Parts of Speech
Written by Shelley Plett Tuesday, 26 April 2011 15:44“A little simplification would be the first step towards rational living, I think.” —Eleanor Roosevelt
Simplify. You won’t find this word in the Oxford Dictionary’s list of the most commonly used words in the English language. But it has to be rising on the charts.
Simplification is the new black.
It’s the thing to do now that we’re being forced to make maddening choices like a tank of gas or a gallon of milk. A movie matinee or a box of Mike and Ike’s? This might be a slight exaggeration, but the blissful days of having both are vanishing. Unless you sneak your own box of Mike and Ike’s into a movie. But that would be wrong, so, ummm, yeah, you shouldn’t do that.
In everything except plasma astrophysics and...
Written by Shelley Plett Tuesday, 05 April 2011 14:56“There’s nothing to match curling up with a good book when there's a repair job to be done around the house.” —Joe Ryan
I jammed my finger, trimmed two extra layers of plastic shims to force fit the strike plate, dropped and found the handle spring three times, had to remove and re-cut the length of the black plastic thing twice because pathetic as it is, I cannot for the life of me visualize how long 3/8 of an inch is on the first (or second) try, and I nearly lost the entire door in a big gust of wind.
Not unlike the birth of a child, all of this pain was worth it. Because in the end, I replaced an old storm door handle that wouldn’t catch with a brand new one that does.
Let’s get the minor details out of the way...
Written by Shelley Plett Tuesday, 22 March 2011 14:27“Signora, between Austria and Italy, there is a section of the Alps called the Semmering. It is an impossibly steep, very high part of the mountains. They built a train track over these Alps to connect Vienna and Venice. They built these tracks even before there was a train in existence that could make the trip. They built it because they knew someday, the train would come.” —Martini, “Under the Tuscan Sun”
I know a lot of successful people who have followed the rules laid out in front of them, did all the right things in the right order and never hit a hiccup along the way (that’s remotely visible anyway).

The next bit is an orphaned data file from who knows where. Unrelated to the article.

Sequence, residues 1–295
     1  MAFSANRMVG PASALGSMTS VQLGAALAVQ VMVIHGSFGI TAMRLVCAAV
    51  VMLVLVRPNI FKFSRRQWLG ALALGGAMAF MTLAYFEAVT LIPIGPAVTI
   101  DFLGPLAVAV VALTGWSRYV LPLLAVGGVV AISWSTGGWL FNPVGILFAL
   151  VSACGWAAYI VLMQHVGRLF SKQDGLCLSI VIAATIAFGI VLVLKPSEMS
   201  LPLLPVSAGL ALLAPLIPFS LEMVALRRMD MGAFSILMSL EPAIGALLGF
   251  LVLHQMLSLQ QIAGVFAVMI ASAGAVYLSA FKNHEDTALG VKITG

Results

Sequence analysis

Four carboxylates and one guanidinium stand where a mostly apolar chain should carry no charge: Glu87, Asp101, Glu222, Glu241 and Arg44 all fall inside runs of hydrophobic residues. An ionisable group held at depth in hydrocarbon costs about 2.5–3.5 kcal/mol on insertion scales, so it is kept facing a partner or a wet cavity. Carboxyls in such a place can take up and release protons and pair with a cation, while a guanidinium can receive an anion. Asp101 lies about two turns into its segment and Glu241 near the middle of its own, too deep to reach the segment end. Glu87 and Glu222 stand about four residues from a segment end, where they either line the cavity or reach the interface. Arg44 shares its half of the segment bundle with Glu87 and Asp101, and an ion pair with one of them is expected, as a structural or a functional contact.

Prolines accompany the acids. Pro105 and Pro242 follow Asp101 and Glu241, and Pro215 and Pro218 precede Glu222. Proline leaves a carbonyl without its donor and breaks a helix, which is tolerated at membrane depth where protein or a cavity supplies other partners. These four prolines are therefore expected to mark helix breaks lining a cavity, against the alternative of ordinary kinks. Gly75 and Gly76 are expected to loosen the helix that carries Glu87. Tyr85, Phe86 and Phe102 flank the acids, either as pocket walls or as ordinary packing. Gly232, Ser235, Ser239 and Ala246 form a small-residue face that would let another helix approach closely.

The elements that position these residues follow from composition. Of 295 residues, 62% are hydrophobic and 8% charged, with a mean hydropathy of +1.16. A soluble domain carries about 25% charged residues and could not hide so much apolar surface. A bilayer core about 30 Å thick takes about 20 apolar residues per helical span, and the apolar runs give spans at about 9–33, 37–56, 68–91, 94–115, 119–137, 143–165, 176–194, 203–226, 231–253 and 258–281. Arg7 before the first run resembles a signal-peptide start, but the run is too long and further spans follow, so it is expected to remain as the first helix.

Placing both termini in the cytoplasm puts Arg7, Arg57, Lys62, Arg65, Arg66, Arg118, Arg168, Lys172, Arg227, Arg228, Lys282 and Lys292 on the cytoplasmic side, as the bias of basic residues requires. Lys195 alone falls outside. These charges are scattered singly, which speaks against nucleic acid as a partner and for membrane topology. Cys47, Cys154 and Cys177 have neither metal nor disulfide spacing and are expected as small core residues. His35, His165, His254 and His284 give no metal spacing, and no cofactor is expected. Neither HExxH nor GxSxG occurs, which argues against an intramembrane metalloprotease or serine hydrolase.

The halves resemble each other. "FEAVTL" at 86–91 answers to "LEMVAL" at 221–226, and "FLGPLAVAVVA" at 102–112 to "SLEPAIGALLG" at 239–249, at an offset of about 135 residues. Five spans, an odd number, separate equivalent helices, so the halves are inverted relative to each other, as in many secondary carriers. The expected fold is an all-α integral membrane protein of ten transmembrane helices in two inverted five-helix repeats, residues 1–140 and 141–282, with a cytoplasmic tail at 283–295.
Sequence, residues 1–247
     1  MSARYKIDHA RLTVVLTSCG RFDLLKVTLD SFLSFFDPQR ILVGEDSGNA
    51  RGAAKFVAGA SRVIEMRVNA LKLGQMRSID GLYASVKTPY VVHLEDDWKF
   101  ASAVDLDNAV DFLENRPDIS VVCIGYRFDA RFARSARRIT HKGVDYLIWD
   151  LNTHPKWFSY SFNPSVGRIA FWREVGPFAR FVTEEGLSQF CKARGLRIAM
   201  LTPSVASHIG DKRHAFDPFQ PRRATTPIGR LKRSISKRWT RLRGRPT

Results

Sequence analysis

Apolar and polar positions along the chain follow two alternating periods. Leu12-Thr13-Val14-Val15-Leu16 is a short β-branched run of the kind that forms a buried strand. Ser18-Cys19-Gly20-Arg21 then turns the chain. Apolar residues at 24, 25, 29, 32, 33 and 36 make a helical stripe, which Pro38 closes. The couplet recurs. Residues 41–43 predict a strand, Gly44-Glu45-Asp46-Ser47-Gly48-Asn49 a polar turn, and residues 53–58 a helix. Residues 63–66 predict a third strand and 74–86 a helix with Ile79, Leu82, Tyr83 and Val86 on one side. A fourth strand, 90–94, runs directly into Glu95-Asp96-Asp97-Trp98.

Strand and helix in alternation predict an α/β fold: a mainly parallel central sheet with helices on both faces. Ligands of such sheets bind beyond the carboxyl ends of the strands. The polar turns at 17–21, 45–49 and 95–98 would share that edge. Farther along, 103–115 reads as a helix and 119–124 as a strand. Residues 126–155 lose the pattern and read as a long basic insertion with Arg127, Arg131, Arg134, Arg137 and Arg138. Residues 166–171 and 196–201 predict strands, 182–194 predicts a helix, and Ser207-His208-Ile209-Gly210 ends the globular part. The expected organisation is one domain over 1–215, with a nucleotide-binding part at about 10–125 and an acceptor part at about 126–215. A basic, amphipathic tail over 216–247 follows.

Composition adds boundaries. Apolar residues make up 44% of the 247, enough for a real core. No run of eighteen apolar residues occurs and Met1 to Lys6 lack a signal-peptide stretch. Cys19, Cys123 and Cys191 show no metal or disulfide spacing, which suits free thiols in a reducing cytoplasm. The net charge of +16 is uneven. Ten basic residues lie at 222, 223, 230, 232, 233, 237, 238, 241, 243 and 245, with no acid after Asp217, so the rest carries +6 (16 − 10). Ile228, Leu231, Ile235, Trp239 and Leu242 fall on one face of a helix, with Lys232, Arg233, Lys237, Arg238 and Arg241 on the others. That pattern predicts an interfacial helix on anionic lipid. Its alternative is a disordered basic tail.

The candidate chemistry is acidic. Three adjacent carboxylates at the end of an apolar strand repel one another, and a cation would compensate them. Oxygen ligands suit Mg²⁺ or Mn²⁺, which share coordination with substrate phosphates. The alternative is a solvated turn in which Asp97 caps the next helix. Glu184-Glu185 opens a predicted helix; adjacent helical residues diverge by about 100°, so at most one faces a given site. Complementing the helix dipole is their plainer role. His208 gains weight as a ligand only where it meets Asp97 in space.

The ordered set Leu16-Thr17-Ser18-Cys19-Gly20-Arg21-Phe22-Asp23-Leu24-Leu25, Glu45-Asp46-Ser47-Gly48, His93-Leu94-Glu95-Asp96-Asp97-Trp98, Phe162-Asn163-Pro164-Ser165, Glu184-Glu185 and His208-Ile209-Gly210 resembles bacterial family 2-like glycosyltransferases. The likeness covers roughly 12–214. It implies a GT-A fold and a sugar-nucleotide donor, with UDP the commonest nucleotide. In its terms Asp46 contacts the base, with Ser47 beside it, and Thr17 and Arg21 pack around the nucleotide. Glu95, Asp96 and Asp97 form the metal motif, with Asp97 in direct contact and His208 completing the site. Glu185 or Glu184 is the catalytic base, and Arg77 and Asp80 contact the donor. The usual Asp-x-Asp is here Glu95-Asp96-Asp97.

I also know a few who have come into their own by way of impossibly steep mountains. I don’t think they...
Written by Shelley Plett Tuesday, 08 March 2011 14:42“Most parents don’t want sarcastic kids. But, in case your home is a little too quiet and you’d like to spice up the conversation, I can tell you the secret to getting them.... You lead by example. Then, you’re in a hurry to make a purchase at your local department store and the clerks are too busy talking among themselves to help you, turn to your child and say in a loud voice, “This would be a good place to open a department store.” (Don’t worry about offending the clerks…besides, your child’s education is your highest priority.) As your child watches you use sarcasm, his or her knowledge will grow. And then one day, your child’s brain cells that control sarcasm will come to life and you’ll experience the...
Written by Shelley Plett Tuesday, 22 February 2011 17:05“You taught me to be nice, so nice that now I am so full of niceness, I have no sense of right and wrong, no outrage, no passion.”—Garrison Keillor
I was reading a marketing blog after searching for something completely non-related to marketing blogs, because that’s how search engines work.
Since it was only seven paragraphs long and fate and Bing apparently thought I needed to read it, I did.
It was titled, “All things to all people,” and went on to explain why being “this” is unachievable. The author used a percentage that I’d heard somewhere before, the 80/20 rule: 80 percent of a businesses’ business comes from 20 percent of its customers.
I believe it and I think it crosses over to other...
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